23. Miller DD, Love DW "Drug therapy reviews: evaluation of minoxidil." Am J Hosp Pharm 37 (1980): 808-14
24. Hagstam K-E, Lundgren R, Wieslander J "Clinical experience of long-term treatment with minoxidil in severe arterial hypertension." Scand J Urol Nephrol 16 (1982): 57-63
25. Campese VM "Minoxidil: a review of its pharmacological properties and therapeutic use." Drugs 22 (1981): 257-78
26. Leenen FH, Smith DL, Unger WP "Topical minoxidil: cardiac effects in bald men." Br J Clin Pharmacol 26 (1988): 481-5
27. Tosti A, Bardazzi F, De Padove MP, Caponeri GM, Melino M, Veronesi S "Contact dermatitis to minoxidil." Contact Dermatitis 13 (1985): 275-6
28. Ruas E, Goncalo M, Figueiredo A, Goncalo S "Allergic contact dermatitis from minoxidil." Contact Dermatitis 26 (1992): 57-8
29. Degreef H, Hendrickx I, Dooms-Goossens A "Allergic contact dermatitis to minoxidil." Contact Dermatitis 13 (1985): 194-5
30. Price VH "Topical minoxidil in extensive alopecia areata, including 3-year follow-up." Dermatologica 175 (1987): 36-41
31. Pettinger WA, Mitchell HC "Minoxidil: an alternative to nephrectomy for refractory hypertension." N Engl J Med 289 (1973): 167-73
32. Fisher AA "Unusual acute, nonallergic eruptions of the scalp from combined use of minoxidil and retinoic acid." Cutis 51 (1993): 17-8
33. Veraldi S, Benelli C, Pigatto PD "Occupational allergic contact dermatitis from minoxidil." Contact Dermatitis 26 (1992): 211-2
34. Ackerman BH, Townsend ME, Golden W, Bryan AB "Pruritic rash with actinic keratosis and impending exfoliation in a patient with hypertension managed with minoxidil." Drug Intell Clin Pharm 22 (1988): 702-3
35. Ebner H, Muller E "Allergic contact dermatitis from minoxidil." Contact Dermatitis 32 (1995): 316-7
36. Gonzalez M, Landa N, Gardeazabal J, Calderon MJ, Bilbao I, Perez JLD "Generalized hypertrichosis after treatment with topical minoxidil." Clin Exp Dermatol 19 (1994): 157-8
37. Karaoui LR, Chahine-Chakhtoura C "Fatal toxic epidermal necrolysis associated with minoxidil." Pharmacotherapy 29 (2009): 460-7
38. DiSantis DJ, Flanagan J "Minoxidil-induced Stevens-Johnson syndrome." Arch Intern Med 141 (1981): 1515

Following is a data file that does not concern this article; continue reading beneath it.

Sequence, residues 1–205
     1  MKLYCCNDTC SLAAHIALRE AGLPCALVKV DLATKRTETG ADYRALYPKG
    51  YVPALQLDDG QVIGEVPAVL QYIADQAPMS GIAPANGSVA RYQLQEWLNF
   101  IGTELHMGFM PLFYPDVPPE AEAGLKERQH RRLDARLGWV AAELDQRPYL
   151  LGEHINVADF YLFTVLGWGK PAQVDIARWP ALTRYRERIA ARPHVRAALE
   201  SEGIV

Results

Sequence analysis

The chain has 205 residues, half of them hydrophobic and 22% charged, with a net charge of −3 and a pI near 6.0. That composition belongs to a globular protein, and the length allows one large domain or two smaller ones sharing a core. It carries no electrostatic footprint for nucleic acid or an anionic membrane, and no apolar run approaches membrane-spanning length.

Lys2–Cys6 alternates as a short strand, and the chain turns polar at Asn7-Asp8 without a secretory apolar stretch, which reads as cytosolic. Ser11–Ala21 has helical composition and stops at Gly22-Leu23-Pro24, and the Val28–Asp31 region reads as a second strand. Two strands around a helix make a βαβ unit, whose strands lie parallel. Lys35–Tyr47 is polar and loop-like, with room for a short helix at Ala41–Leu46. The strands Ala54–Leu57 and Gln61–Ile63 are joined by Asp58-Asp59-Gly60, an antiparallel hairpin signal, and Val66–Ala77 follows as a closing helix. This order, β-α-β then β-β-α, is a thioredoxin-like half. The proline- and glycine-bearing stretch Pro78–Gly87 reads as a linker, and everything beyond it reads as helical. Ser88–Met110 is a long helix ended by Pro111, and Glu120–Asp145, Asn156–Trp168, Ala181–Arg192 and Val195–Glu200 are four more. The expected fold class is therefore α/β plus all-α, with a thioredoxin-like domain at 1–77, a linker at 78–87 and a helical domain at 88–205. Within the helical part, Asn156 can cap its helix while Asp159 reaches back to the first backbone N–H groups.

39. Herxheimer A, Young N "Medicine and the law: duty to warn about likely adverse efects." Lancet 335 (1990): 1151
40. Toriumi DM, Konior RJ, Berktold RE "Severe hypertrichosis of the external ear canal during minoxidil therapy." Arch Otolaryngol Head Neck Surg 114 (1988): 918-9
41. Limas CJ, Freis ED "Minoxidil in severe hypertension with renal failure: effect of its addition to conventional antihypertensive drugs." Am J Cardiol 31 (1973): 355-61
42. Wilson C, Walkden V, Powell S, et al "Contact dermatitis in reaction to 2% topical minoxidil solution." J Am Acad Dermatol 24 (1991): 661-2
43. Peitzman SJ, Martin C "Thrombocytopenia and minoxidil." Ann Intern Med 92 (1980): 874
44. Gombos GM "Bilateral optic neuritis following minoxidil administration." Ann Ophthalmol 15 (1983): 259-61
45. Nguyen KH, Marks JG Jr "Pseudoacromegaly induced by the long-term use of minoxidil." J Am Acad Dermatol 48 (2003): 962-5
More about Loniten (minoxidil)
Related treatment guides
Disclaimer: Every effort has been made to ensure that the information provided is accurate, up-to-date and complete, but no guarantee is made to that effect. In addition, the drug information contained herein may be time sensitive and should not be utilized as a reference resource beyond the date hereof. This material does not endorse drugs, diagnose patients, or recommend therapy. This information is a reference resource designed as supplement to, and not a substitute for, the expertise, skill , knowledge, and judgement of healthcare practitioners in patient care. The absence of a warning for a given drug or combination thereof in no way should be construed to indicate safety, effectiveness, or appropriateness for any given patient. Drugs.com does not assume any responsibility for any aspect of healthcare administered with the aid of materials provided. The information contained herein is not intended to cover all possible uses, directions, precautions, warnings, drug interactions, allergic reactions, or adverse effects. If you have questions about the substances you are taking, check with your doctor, nurse, or pharmacist.